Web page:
Baseball Crank
Covering the Front and Back Pages of the Newspaper
March 18, 2005
BASEBALL: AL Predicted Standings

If you've followed my EWSL reports thus far (Established Win Shares Levels are explained here, the AL East EWSL report is here, and the AL West EWSL report is here, and the AL Central EWSL report is here), you'll notice that the total wins for the American League's 14 teams don't add up to 1134, i.e., 81 wins per team. Assuming for the sake of argument that the AL finishes with a .500 record in interleague play, however, 1134 wins have to come from somewhere. That's not necessarily a flaw in the system; I rate 23 players per team, but each team will get a few wins from the end of the bench and a few more from new arrivals (I don't have figures handy but if I recall correctly the average team uses something like 35-40 players a year). There's also a natural process at work: if the established players in the league were producing exactly what they did last year, there would be no room for the turnover in personnel - new arrivals, old players departing - that is a constant in the game.

Specifically, EWSL produces enough Win Shares for 74.7 wins per AL team in 2005 before applying the age adjustment, and 71.2 wins after. That does seem low to me, but there you have it. If we project those totals upwards proportionally across teams - a debatable assumption, I know, but an unavoidable one if we're trying to keep the system essentially objective - what do the age-adjusted EWSL standings look like?

Red Sox98-644White Sox78-848A's90-724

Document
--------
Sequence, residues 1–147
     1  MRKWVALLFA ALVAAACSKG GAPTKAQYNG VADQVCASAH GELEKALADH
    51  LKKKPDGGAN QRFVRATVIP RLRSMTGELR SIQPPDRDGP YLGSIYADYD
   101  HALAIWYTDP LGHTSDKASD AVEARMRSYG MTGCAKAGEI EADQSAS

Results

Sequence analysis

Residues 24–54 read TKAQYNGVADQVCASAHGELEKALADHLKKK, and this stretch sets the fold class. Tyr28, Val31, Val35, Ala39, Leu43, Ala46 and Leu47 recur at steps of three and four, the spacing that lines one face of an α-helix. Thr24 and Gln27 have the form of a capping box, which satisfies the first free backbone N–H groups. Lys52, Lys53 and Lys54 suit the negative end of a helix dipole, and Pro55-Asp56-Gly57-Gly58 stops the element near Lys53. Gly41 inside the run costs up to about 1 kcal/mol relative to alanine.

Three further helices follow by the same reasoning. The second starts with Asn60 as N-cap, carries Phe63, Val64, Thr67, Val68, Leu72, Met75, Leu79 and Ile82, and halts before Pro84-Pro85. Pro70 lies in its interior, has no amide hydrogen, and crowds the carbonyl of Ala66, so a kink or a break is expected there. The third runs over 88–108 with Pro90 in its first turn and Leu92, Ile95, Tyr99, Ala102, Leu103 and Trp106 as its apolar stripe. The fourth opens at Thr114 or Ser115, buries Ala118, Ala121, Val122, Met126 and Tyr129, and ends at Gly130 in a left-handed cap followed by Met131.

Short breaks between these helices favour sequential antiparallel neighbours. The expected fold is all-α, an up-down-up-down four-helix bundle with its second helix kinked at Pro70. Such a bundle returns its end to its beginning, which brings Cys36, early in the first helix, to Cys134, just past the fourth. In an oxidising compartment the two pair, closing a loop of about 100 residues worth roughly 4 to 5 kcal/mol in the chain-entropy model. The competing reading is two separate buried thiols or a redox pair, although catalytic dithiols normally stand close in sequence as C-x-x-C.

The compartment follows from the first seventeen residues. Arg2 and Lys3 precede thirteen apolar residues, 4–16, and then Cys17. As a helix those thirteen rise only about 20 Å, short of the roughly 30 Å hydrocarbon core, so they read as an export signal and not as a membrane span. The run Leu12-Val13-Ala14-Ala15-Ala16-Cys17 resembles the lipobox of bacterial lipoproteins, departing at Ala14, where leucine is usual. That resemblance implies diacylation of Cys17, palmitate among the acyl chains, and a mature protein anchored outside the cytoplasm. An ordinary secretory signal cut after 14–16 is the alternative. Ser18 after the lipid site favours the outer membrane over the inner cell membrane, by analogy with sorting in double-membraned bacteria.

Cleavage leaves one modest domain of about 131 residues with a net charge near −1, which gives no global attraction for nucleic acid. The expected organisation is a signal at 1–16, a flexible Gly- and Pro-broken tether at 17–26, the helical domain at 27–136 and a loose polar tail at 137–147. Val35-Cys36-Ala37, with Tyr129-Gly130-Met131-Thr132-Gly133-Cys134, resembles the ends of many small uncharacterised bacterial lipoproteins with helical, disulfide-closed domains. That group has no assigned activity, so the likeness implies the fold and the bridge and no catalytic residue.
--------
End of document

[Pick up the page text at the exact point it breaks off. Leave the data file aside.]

Blue Jays77-8525Tigers70-9216Rangers78-8416
Devil Rays67-9535Royals59-10327

For the most part, that looks just about right to me, and naturally it looks a lot like last year's standings. In general, I would expect the Twins and Indians to be most likely to exceed these records, and maybe the Tigers, although it's debatable at whose expense (although a few wrong turns could lead the Royals to a 110 losses).

Let's also stack up how the age adjustments affect various teams. Here's a table showing the net age adjustment to each team's record, with 100 being a team with no adjustments, higher being a team that was adjusted updward, etc.; in short, the teams most likely to have young, improving talent are at the top, the teams that depend most on declining older players are at the bottom (although given the nature of the method, pure rookies aren't included):

AL Avg95

Of course, it's probably not a coincidence that the teams most likely to see decline from their established talent are the teams with the most of it, and it's no surprise that the overall trend is for the league's established players to decline. For completeness, here are the standings you'd get from EWSL if you don't apply the age adjustment:

Yankees118-44--White Sox83-79--Angels97-65--
Red Sox108-5410Twins73-8910A's89-738
Blue Jays71-9147Indians68-9415Rangers71-9116
Devil Rays61-10157Royals53-10930
Posted by Baseball Crank at 7:27 AM | Baseball 2005 | Comments (1) | TrackBack (0)

Focusing on the White Sox (since that's the team I focus on) you get these events that run contrary to past performance:

-A rookie doing pretty well in Iguchi
-A hitter changing his approach at the plate in Podsednik (no longer trying to hit HRs)
-A pitcher who seems to finally be acheiving his potential in Garland
-A Pitching staff benefiting from a catcher with experience in Pierzinski (over Olivo/Davis)

I'm not sure how the last could be quantified but it's definitely had a profound affect on the team. Might be interesting to see if there are any indicators on how much a catcher affects a team.

Posted by: Scott Janssens at July 14, 2005 3:43 PM
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